Dir: Goo-Bi GC
Star: Chrissie Chow, Dada Lo, Hidy Yu, Chris Tong


Bonus: Behind the scenes footage

Kill Bill: The Whole Bloody Affair, on its 10th anniversary

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“It’s mercy, compassion, and forgiveness I lack. Not rationality.”

Today marks the 10th anniversary for the release in the United States of Kill Bill, Volume 2, completing the saga of The Bride and her quest for vengeance over the man who stole her daugher, killed her husband at the altar and left her in a coma. In honour of this date, we watched the assembled compilation known as Kill Bill: The Whole Bloody Affair. While this has never officially been released – despite regular claims by Quentin Tarantino that he was about to start work on it – the New Beverly Cinema in Los Angeles was allowed to show it in March and April 2011, its second public screening since the Cannes Film Festival of 2004 (there was one at the Alamo Drafthouse).

This helped lead to bootleg editions circulating through the usual sources online, where fans edited the previously-released versions together, to simulate Tarantino’s vision as closely as possible. Of course, these aren’t perfect, if QT’s claims of an extended anime sequence are to be believed. But I’m not inclined to wait around any longer – it’s entirely his own fault I still have not bought a copy of either film, even though they are certainly iconic in our genre. So, how does the combined version play? And a decade after the saga came to its bloody conclusion, does the story still hold up? [Note. This will be less a standard review than a series of feelings.  If you want a review, I refer you to the ones written at the time for Volume 1 and Volume 2.  I suppose I should also insert a spoiler warning for the rest of this piece. Though if anyone reading this hasn’t seen both films already, you pretty much deserve to be spoilered!]

killbill1In terms of content, there isn’t much alteration, with the only real change, a small but significant cut at the end of Volume 1. What’s removed, is Bill’s line, “Is she aware her daughter is still alive?” This means neither audience nor heroine know this, until she shows up at Bill’s house for the final confrontation. [I have to say, her daughter certainly doesn’t seem like a four-year old either.] Rather than substance, the biggest difference for me was stylistic: the overall balance seemed more even, as a single entity, than seen as two separate pieces months apart. Volume 2 seemed excessively talky on its own. While that’s still the case, it’s to a significantly lesser degree, being balanced directly by the first half, where The Bride engages in actions, not words. Indeed, the only person she kills in the second part is Bill, a sharp contrast to the pile of corpses left in her wake during its predecessor. His death still feels somewhat rushed, and it’s a shame the original ending – a swordfight between Bill and Beatrix, clad in her wedding dress, on the beach – couldn’t be filmed, because the production went over time.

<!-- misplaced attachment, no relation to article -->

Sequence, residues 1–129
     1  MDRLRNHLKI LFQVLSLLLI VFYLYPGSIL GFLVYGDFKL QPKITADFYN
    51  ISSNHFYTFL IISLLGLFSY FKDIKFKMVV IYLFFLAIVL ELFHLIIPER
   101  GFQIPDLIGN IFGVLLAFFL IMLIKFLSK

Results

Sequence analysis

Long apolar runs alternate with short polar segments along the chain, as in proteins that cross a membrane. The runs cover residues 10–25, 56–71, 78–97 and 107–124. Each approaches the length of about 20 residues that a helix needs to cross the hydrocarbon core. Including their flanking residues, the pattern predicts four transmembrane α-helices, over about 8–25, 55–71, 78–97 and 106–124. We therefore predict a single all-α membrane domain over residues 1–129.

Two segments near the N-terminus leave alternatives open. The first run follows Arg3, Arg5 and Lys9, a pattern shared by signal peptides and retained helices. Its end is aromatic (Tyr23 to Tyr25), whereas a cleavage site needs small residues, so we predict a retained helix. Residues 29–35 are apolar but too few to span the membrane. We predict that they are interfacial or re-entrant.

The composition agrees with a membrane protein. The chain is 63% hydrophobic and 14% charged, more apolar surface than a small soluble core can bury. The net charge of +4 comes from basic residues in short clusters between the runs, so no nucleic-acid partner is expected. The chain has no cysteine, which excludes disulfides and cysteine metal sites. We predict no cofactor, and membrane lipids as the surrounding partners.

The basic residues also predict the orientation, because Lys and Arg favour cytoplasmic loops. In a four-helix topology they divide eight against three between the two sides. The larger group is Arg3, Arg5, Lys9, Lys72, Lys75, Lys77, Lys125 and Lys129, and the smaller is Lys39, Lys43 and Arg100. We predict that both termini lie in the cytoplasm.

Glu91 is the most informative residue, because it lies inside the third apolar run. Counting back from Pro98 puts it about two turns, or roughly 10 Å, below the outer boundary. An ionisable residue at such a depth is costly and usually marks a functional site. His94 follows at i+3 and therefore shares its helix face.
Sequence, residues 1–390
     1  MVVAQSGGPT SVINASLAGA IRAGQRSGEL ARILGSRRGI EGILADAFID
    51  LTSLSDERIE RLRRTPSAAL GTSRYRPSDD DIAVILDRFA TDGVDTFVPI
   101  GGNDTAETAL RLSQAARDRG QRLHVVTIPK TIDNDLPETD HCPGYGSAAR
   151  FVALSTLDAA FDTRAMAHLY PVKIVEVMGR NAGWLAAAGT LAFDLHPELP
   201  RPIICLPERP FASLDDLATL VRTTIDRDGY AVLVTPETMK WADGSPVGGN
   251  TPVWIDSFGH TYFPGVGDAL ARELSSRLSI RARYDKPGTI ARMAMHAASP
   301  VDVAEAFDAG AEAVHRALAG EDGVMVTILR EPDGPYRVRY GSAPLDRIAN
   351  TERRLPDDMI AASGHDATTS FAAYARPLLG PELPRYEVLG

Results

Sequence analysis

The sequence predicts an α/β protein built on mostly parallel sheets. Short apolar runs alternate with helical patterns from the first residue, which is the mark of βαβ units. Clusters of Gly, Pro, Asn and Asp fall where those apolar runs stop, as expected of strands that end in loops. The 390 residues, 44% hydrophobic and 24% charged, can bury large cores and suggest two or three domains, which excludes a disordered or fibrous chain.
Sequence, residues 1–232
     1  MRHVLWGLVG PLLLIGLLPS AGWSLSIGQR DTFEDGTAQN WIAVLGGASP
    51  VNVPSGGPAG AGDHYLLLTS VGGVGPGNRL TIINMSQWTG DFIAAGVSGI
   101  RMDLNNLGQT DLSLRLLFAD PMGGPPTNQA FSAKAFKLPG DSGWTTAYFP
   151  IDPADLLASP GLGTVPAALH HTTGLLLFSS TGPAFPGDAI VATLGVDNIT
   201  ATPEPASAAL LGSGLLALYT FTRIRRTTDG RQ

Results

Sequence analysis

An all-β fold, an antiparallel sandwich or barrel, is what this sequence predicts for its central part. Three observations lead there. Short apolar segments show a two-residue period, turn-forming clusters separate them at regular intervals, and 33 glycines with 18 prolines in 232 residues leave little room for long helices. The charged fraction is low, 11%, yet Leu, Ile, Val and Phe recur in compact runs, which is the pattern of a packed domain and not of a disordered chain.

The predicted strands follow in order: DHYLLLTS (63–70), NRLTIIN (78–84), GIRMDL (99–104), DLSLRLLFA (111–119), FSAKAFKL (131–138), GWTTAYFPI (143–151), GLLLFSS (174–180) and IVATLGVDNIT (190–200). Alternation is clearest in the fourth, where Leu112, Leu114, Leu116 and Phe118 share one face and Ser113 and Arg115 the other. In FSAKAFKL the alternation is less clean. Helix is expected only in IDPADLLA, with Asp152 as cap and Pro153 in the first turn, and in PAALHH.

My viewing of the film now is also altered, by having seen over the intervening decade, more of the movies which had influenced Quentin, in particular Lady Snowblood and Thriller: A Cruel Picture. I’ve not been a particular fan of this aspect of Tarantino’s work, since the whole City on Fire/Reservoir Dogs thing; I find it gets in the way of enjoying his films, if you’re frequently being reminded of other movies. This kind of homage still works better when it’s slid in more subtly, for example Vernita Green’s pseudonym for her new life being Jeanne Bell, likely a reference to the actress who was the star of the 70’s blaxploitation pic, T.N.T. Jackson. [And, of course, Green’s daughter is called Nikita…] I have to say, QT’s foot fetish seems a lot more blatant now than it did at the time. The most obvious case is when The Bride is trying to regain control of her toes in the back of the Pussy Wagon, but Sofie Fatale’s feet also come in for some attention. Again, perhaps subsequent knowledge plays into the viewing experience.

10 Favourite Lines from The Whole Bloody Affair

  • Vernita Green: Black Mamba. I shoulda been motherfuckin’ Black Mamba.
  • O-Ren Ishii: The price you pay for bringing up either my Chinese or American heritage as a negative is… I collect your fucking head. Just like this fucker here. Now, if any of you sons of bitches got anything else to say, now’s the fucking time!
  • The Bride: Those of you lucky enough to have your lives, take them with you. However, leave the limbs you’ve lost. They belong to me now.
  • The Bride: This is what you get for fucking around with Yakuzas! Go home to your mother!
  • The Bride: I want them all to know they’ll all soon be as dead as O-Ren.
  • Budd: That woman deserves her revenge and we deserve to die.
  • Pai Mei: What if your enemy is three inches in front of you, what do you do then? Curl into a ball? Or do you put your fist through him?
  • Elle Driver: I killed your master. And now I’m gonna kill you too, with your own sword, no less, which in the very immediate future, will become my sword.